Weekly Energy Update (October 28, 2021)

by Bill O’Grady, Thomas Wash, and Patrick Fearon-Hernandez, CFA | PDF

Prices have moved above $85 per barrel this week but retreated on this week’s inventory data.

(Source: Barchart.com)

Crude oil inventories rose 4.3 mb compared to a 1.8 mb build forecast.  The SPR declined 1.1 mb, meaning the net draw was 3.2 mb.

In the details, U.S. crude oil production was steady at 11.3 mbpd, remaining below the 11.5 mbpd pre-Ida level.  Exports fell 0.3 mbpd, while imports rose 0.4 mbpd.  Refining activity rose 0.4%.  We are in refinery maintenance season, which accounts for the usual seasonal build in crude oil inventories seen in the chart below.  This build season usually ends in mid-November.

(Sources: DOE, CIM)

This chart shows the seasonal pattern for crude oil inventories.  We are in the autumn build season.  Note that stocks are significantly below the usual seasonal trough.  Our seasonal deficit is 66.8 mb.

Based on our oil inventory/price model, fair value is $64.34; using the euro/price model, fair value is $58.50.  The combined model, a broader analysis of the oil price, generates a fair value of $61.04.  We are seeing a notable divergence in the model between inventory and the dollar and a rising level of overvaluation.  Part of the overvaluation is likely due to fears of tighter inventories. If the builds continue, which is consistent with seasonal patterns, the model suggests some moderation of prices.  However, supply fears are so elevated this may not be the case.

 Market news:

  • Last week, we noted that despite high oil and gas prices, production hasn’t responded as much as one would expect compared to earlier episodes of higher prices.  As with many trends, there are multiple reasons behind the sluggish response.  One element is that firms are no longer optimizing for production but for profitability.  It means that instead of using all the cash available and borrowing, firms are husbanding liquidity and rewarding shareholders.  In the past, U.S. shale producers, in particular, did not focus on shareholder return.  In order to attract capital, the industry decided it needed to improve its reputation.  As the value of producing property rises, some investors are selling out, suggesting they don’t see a bright long-term future.  Another element of this trend is that margins are getting squeezed due to higher production costs.  Thus, to maintain margins, firms simply appear more willing to allow higher prices to fulfill that goal.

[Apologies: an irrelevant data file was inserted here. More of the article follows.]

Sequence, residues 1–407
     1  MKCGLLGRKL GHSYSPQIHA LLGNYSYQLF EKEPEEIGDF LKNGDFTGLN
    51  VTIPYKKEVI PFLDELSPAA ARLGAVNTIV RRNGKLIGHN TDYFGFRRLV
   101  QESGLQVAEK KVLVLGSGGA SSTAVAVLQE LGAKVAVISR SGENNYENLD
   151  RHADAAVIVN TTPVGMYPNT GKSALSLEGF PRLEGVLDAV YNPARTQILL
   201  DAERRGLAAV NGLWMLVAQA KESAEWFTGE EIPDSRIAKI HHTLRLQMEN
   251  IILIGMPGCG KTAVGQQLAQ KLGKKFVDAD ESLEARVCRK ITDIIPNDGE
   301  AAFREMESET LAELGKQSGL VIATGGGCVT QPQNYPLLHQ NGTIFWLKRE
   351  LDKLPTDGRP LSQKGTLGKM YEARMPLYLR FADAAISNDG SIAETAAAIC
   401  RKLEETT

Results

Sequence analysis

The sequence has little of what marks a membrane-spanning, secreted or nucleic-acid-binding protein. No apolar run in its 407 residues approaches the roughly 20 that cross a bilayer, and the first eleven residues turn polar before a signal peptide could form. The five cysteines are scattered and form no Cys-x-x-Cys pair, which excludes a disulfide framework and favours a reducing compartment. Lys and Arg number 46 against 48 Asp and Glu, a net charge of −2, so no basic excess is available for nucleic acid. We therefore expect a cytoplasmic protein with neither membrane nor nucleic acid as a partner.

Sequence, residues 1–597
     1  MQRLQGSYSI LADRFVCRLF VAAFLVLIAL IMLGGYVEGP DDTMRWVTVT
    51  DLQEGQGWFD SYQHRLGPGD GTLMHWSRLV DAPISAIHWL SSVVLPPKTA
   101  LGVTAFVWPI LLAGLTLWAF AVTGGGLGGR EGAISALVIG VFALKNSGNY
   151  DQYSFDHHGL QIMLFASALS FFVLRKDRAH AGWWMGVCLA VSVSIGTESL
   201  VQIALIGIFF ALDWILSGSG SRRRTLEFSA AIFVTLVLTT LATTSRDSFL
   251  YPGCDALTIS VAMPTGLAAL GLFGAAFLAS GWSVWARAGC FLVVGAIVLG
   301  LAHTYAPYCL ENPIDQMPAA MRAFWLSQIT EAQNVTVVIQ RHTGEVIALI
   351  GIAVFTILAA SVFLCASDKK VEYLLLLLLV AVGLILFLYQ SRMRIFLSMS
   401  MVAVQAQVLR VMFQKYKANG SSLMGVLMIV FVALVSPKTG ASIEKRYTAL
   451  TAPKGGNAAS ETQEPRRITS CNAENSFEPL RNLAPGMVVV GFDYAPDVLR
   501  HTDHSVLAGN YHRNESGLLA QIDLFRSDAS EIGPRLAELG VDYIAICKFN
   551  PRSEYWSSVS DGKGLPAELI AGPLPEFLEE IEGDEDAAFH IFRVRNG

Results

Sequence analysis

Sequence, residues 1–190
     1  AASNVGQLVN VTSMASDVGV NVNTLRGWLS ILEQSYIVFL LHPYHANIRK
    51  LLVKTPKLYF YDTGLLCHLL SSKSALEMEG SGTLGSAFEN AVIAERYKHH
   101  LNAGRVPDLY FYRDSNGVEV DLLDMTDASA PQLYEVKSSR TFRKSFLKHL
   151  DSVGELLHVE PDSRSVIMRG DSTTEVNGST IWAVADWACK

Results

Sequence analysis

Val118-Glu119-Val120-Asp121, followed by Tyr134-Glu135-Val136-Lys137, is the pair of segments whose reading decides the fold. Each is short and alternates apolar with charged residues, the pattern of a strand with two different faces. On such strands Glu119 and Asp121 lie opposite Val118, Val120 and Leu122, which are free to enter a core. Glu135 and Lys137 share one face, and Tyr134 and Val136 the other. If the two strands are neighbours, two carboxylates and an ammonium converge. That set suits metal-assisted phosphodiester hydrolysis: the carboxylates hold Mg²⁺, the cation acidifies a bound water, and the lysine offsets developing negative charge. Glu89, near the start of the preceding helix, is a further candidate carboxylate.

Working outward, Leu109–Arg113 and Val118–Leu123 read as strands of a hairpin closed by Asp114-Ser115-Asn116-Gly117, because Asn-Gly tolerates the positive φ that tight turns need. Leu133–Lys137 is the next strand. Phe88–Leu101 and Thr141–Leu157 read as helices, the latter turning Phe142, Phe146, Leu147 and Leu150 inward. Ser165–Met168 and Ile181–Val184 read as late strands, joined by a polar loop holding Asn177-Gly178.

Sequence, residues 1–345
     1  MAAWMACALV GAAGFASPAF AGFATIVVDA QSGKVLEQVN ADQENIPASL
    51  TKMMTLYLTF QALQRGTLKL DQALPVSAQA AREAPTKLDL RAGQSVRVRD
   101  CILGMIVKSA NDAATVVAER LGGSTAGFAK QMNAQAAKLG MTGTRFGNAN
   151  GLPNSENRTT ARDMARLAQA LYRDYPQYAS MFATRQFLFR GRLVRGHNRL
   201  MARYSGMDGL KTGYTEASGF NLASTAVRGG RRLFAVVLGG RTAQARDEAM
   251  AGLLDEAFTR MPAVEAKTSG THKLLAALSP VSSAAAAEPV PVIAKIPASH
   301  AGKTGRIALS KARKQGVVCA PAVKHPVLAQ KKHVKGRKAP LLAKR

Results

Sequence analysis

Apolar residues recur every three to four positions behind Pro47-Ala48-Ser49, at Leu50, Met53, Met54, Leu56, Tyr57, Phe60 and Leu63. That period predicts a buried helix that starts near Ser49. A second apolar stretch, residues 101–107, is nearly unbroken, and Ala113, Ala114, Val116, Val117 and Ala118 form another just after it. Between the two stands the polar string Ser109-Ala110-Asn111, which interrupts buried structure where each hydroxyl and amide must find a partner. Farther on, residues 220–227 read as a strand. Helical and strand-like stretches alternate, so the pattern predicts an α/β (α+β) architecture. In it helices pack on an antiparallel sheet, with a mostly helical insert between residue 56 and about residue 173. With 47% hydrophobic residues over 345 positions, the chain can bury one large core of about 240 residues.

• Coal is admittedly one of the dirtiest fuels.  Not only does it emit large amounts of greenhouse gases, but it also fouls the air with sulfur, particulates, and nitrous oxide, the key catalysts for acid rain.  Over the past decade, coal has seen its market share drop, replaced by renewables and natural gas.  But with natural gas prices soaring this year, coal is making a global comeback.  China, facing a severe energy crunch, has eased restrictions on its use and is boosting imports from Indonesia.
  • In Europe, nations are doling out subsidies to help pay for higher energy costs.  Sadly, this practice won’t increase energy supplies and delays the necessary demand destruction to reduce the use of fossil fuels.
  • The World Bank is warning that inflation risks are elevated due to the spike in energy prices.
  • Propane, a fuel with a wide variety of uses, is seeing supplies tighten.  The U.S. has been increasing its exports of the fuel, which is derived mostly from natural gas.  For urban and suburban home heating, natural gas and electricity are common fuels.  These are regulated by public service authorities that limit price changes.  Propane is commonly used in rural homes, and prices are set in the spot market.  In addition, the fuel is used in crop drying, which can exacerbate local shortages.  Tight supplies will tend to lift propane prices this winter.  The chart below shows that current stockpiles are below the five-year range, signaling low inventories.

Geopolitical news:

 Alternative energy/policy news:

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